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AVIATION PILOT EMMA PERRIN RGS 1999-2004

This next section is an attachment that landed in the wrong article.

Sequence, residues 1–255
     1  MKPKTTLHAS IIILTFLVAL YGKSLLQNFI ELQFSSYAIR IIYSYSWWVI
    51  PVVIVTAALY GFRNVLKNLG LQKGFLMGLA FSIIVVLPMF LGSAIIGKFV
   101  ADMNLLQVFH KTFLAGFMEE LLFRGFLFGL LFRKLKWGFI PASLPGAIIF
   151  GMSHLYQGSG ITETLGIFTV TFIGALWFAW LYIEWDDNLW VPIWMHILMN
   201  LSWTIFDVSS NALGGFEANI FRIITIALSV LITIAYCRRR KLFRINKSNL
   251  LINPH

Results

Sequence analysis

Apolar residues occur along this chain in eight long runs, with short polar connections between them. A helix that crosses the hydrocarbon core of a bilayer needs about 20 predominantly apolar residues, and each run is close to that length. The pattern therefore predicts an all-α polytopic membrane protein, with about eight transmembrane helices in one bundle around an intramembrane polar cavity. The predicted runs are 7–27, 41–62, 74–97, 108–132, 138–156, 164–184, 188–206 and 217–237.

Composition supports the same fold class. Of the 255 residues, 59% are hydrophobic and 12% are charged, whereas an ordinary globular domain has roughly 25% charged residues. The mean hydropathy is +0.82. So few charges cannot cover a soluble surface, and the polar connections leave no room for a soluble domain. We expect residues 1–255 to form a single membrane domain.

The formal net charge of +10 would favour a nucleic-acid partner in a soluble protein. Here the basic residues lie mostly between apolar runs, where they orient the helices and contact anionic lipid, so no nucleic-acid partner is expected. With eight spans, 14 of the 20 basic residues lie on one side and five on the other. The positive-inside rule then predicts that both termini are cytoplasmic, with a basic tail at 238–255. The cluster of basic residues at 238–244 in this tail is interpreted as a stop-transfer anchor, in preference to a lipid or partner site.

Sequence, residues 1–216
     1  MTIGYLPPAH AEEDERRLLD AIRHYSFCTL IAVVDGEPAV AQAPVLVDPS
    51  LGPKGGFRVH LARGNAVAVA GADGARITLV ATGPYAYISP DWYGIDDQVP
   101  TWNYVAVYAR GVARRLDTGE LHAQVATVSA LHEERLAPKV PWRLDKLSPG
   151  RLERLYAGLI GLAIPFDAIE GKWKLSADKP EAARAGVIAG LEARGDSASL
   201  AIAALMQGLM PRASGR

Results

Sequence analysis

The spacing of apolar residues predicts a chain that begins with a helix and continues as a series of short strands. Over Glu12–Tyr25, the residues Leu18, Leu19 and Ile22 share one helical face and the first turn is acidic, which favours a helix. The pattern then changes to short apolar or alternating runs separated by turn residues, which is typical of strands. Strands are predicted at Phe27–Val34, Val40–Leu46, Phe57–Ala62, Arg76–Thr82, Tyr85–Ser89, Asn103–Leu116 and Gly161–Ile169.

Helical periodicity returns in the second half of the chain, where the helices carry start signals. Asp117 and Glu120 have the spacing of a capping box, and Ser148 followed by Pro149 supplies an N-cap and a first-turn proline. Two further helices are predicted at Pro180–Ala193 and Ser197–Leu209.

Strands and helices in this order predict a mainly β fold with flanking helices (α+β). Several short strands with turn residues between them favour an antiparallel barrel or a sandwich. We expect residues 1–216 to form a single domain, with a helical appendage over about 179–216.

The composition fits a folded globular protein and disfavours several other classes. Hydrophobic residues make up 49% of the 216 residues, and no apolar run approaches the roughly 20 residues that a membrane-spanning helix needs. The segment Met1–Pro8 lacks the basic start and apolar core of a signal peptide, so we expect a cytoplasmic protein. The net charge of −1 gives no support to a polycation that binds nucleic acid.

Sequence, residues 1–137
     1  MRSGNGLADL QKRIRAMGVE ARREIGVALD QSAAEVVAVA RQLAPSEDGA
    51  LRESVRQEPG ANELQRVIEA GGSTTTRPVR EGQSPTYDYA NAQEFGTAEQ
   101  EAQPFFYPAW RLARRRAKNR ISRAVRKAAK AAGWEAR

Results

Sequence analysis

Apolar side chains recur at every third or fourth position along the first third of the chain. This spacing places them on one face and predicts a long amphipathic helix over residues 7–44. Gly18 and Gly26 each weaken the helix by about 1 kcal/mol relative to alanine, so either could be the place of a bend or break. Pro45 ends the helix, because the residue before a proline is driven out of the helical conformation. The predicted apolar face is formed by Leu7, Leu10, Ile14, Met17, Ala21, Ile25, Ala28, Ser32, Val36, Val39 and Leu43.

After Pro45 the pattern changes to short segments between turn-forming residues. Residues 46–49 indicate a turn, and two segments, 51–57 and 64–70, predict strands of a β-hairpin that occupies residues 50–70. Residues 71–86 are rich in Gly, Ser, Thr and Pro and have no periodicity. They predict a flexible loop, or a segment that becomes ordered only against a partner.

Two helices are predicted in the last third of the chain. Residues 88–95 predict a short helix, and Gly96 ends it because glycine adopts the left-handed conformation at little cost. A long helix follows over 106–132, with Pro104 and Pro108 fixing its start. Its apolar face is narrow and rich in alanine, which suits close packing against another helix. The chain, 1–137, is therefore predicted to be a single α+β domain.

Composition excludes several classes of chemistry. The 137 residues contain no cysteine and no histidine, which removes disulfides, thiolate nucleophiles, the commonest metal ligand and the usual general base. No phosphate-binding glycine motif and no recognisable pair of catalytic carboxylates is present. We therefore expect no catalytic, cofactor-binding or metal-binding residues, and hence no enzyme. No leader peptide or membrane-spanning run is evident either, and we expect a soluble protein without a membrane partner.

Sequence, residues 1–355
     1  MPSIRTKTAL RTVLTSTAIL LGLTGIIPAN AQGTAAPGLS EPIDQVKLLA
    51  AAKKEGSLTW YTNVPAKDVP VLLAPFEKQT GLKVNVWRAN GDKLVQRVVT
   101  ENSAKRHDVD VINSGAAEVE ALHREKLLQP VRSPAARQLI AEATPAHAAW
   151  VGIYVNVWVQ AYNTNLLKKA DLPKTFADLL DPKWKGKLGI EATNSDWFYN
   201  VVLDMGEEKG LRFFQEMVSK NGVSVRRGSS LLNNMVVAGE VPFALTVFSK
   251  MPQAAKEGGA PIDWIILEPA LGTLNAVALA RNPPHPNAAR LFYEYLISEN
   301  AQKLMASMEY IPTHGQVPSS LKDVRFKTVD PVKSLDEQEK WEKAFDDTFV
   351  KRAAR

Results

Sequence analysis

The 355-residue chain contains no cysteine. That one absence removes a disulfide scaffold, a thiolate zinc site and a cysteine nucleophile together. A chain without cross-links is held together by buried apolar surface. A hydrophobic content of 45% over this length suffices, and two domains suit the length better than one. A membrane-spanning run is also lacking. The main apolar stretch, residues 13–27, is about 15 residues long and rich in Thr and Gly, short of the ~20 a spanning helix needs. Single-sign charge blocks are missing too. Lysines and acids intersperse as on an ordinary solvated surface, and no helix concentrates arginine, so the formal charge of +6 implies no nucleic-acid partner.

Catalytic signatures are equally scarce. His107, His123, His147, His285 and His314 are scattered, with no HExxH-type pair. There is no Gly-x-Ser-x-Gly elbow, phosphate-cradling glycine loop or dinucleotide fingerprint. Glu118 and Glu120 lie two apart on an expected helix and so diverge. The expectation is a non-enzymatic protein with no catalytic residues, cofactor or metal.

Since a young age I had followed my father around the world and discovered a passion for culture, diversity, and travel. It gave me the aviation dream to become a commercial airline pilot. I left RGS in 2004 for university to study a very different subject. Whilst at university, I realised my real desire was for flying. I have no regrets about going to university, it gave me the chance to mature and gave me life experience. I undertook an integrated course at CTC Aviation in 2010 to obtain my commercial pilot’s licence. In 2012 I started my job as a First Officer for Monarch Airlines. Flight training was probably the hardest part, it has been a very steep learning curve with continuous testing and progression and a limited amount of support provided. In my opinion, the most successful way to become a pilot is through one of these types of training courses. However, there is a huge cost involved and a potential risk of no job at the end. I was one of the fortunate people to end up with a great job straight from training, working for a superb company. It is a well-known fact that there is a very small number of female commercial airline pilots; recent figures show that it is still only 3%. This can have its ups and downs. Throughout my flying career I have always been the only girl on my course and after five years haven’t flown with another female. It wasn’t until I started working for Monarch that I realised how many people stereotype the industry. I would say almost every day I go to work someone makes a comment or asks questions, both negative and positive. Sadly, I feel there is still not enough awareness regarding options for girls, and the understanding that gender should be irrelevant when picking a career. I have always just seen myself as a pilot and never differentiated myself from the boys. As a girl in a male dominated industry, I feel I have had to prove myself and work